The ads promoted a specific state of mind, but what they were lacking was a sense of place. While one ad had historical sights of the country, there were no images of vineyards, cellars, or even winemakers. There was also a lack of refinement. Most of the other advertisements presented wine as a cultured, luxurious form of leisure, or at least a family endeavor resting on tradition. In contrast, Spain’s ads came across as youthful, energetic, social, yet naïve and flippant.
Faceless and Placeless
As you can see, Lily and Raphaela really reacted quite strongly to the lack of terroir in the Spanish wine advertisements. The association with a fun Spanish lifestyle is a plus in their view, but compared with other marketing schemes Spain was surprisingly faceless and placeless. That’s the diversity challenge.
So what is my bottom line of Spain’s wine identity? First it is important to acknowledge the limitations of this study — these conclusions are based on a snapshot of Spanish wine marketing at the present moment in a small number of important publications. A more detailed analysis over a longer time frame might produced different conclusions.
I think that the current campaign is right for the times, but incomplete as an overall stragegy. I hope Spain’s wine marketing gurus are prepared a follow up program that will educate and inform about the particular wines and regions (or an orchestrated set of private marketing campaigns by the major producers and distributors to accomplish the same thing). It is important to drop the second shoe and not leave well enough alone.
That’s the message that Australian producers have learned the hard way. Their inexpensive Shiraz wines were so successful that they let them become Brand Australia. Now that they have fallen from favor, the job of re-branding Australian wine in terms of its fabulous regions is very hard. Spain should start now on this project and not wait until the fun lifestyle fad fades.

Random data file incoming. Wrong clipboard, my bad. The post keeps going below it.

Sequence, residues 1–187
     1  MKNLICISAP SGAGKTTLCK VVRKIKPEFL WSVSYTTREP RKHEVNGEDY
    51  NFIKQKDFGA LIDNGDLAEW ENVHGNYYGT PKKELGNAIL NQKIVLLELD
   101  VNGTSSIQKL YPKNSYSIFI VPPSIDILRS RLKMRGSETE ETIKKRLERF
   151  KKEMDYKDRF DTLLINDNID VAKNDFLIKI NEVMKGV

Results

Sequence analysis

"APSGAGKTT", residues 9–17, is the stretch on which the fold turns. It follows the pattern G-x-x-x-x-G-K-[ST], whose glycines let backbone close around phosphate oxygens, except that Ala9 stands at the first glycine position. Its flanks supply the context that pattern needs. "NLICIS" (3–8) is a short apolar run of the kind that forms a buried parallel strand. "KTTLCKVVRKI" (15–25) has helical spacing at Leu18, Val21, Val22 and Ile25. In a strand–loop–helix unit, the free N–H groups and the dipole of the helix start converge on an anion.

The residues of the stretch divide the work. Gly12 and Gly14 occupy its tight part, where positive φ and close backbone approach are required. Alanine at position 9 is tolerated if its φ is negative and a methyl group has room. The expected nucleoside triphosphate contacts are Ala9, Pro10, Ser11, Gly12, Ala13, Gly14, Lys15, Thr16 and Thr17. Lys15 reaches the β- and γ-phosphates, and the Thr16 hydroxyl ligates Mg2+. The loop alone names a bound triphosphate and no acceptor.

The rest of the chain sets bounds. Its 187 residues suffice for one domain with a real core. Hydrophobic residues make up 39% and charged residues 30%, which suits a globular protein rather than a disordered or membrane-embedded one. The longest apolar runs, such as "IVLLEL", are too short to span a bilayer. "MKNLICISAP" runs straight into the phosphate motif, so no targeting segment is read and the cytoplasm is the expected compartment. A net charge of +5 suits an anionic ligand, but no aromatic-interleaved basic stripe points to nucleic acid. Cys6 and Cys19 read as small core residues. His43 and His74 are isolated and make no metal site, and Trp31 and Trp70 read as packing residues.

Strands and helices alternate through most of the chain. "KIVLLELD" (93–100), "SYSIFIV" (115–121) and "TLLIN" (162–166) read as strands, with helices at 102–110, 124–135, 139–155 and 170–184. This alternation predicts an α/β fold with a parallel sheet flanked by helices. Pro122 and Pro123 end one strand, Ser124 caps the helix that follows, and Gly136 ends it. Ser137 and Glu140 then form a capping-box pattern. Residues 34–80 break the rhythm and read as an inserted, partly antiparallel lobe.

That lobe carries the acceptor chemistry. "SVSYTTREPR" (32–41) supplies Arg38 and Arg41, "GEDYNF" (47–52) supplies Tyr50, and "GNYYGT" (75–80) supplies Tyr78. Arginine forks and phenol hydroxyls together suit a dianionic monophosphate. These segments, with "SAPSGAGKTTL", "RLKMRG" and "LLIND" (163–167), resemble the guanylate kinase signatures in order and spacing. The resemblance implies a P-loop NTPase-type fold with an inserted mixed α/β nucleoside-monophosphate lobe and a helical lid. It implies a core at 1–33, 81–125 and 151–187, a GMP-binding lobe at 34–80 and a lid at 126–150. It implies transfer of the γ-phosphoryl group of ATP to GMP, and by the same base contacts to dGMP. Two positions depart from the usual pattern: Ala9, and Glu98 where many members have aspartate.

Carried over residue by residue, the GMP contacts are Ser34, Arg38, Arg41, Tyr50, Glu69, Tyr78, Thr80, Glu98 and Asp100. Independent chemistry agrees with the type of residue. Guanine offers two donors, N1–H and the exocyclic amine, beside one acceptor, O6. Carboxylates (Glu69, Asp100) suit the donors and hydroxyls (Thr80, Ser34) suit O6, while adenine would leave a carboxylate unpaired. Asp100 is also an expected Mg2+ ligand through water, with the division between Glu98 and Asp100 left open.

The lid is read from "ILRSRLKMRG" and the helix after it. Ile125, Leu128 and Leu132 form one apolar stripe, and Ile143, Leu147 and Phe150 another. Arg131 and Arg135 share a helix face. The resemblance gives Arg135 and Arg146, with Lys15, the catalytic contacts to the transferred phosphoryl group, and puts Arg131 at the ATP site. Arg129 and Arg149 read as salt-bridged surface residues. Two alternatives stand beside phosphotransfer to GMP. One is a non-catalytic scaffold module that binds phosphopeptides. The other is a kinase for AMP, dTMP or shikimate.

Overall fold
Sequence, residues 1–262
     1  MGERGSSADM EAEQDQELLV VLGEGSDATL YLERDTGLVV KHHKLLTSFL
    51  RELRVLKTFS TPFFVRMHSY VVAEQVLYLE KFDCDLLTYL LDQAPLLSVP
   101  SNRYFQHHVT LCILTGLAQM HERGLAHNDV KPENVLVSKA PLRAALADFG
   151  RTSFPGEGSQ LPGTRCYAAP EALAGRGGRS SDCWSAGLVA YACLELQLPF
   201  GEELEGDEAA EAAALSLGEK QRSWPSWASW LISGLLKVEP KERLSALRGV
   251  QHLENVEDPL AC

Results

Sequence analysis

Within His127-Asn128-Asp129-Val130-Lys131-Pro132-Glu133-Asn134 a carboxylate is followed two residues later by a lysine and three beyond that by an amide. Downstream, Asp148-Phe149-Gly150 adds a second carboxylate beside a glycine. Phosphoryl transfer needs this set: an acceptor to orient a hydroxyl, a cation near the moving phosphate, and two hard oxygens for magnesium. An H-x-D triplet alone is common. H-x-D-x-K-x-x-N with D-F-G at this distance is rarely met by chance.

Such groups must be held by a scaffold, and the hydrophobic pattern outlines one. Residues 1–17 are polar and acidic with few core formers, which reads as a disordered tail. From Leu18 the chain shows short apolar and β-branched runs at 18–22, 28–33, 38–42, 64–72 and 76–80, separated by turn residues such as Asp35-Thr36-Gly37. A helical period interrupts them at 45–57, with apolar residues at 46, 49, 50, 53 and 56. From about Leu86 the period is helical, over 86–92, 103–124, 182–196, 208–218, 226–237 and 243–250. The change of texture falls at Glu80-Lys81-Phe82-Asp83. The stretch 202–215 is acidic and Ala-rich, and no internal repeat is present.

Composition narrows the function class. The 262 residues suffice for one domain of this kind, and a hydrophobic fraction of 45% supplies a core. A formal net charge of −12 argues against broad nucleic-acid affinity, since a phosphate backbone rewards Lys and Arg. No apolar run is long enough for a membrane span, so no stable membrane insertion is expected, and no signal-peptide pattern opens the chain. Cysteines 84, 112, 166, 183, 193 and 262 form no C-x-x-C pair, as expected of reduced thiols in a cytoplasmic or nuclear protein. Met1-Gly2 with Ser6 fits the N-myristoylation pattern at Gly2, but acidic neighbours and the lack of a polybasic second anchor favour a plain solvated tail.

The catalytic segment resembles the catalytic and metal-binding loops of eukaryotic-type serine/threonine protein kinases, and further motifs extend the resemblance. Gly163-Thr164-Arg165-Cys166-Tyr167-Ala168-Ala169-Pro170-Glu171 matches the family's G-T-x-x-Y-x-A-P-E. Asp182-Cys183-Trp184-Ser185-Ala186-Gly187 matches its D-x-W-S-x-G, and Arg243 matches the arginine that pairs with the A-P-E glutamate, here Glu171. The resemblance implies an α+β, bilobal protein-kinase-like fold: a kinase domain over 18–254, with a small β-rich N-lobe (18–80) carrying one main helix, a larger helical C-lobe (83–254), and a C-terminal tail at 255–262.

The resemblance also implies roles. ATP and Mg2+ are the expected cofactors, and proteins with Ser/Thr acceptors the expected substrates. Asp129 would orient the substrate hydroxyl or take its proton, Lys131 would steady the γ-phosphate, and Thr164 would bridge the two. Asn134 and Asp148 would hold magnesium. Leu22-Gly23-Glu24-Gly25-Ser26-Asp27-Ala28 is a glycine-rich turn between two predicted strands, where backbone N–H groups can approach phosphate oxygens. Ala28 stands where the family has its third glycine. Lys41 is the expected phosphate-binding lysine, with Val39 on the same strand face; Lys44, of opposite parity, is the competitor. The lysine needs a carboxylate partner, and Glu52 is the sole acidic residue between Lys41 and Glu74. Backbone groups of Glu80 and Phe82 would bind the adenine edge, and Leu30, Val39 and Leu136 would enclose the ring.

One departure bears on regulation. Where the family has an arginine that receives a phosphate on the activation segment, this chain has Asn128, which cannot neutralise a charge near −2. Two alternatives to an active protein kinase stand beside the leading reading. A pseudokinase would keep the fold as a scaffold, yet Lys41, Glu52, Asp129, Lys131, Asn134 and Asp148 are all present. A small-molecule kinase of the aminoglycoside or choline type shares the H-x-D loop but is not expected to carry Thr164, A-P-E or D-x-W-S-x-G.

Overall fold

Thanks (and a bottle of Las Rocas Garnacha from Calatayud) to Raphaela and Lily for their research assistance on this project.
i think it’s going to be easier for the spanish because they don’t have to make up their regions as they go along (the way i think the australians are). there were ‘fabulous regions’ in spain long before there was a ‘Brand Australia’. regions not made up by marketing guys. i’m not saying you can’t make good wine in australia but i think they still have a long way to go to catch up with spain and there’s only so much you can do with marketing. i’ll do my part for the spanish: i think rioja is the best wine for turkey.
The diversity of Spain is even more evident in Portugal, where indigenous grapes still dominate. Even where they share grapes with Spain, they give them different names! (Tempranillo commonly goes by Aragones and Tinta Roriz.) I would think that the novelty and unique qualities of Portuguese wines is a major selling point. But since Merlot and Cabernet have brand status in the US, that must make marketing here a nightmare.
@ Steve – Australia’s not making up the regions – Barossa Shiraz, Coonawarra Cabernet, Clare Valley Riesling and Hunter Valley Semillon are all iconic and long standing regional successes. It is the made up South Eastern Australia appellation, and its cheap blended wines, that pushed Brand Australia success, and left regional identity wilting. There is room for both, but economies of scale and production levels will mean that large brands remain better known in offshore markets. Hopefully they will increasingly turn to regional wines, and away from SEA.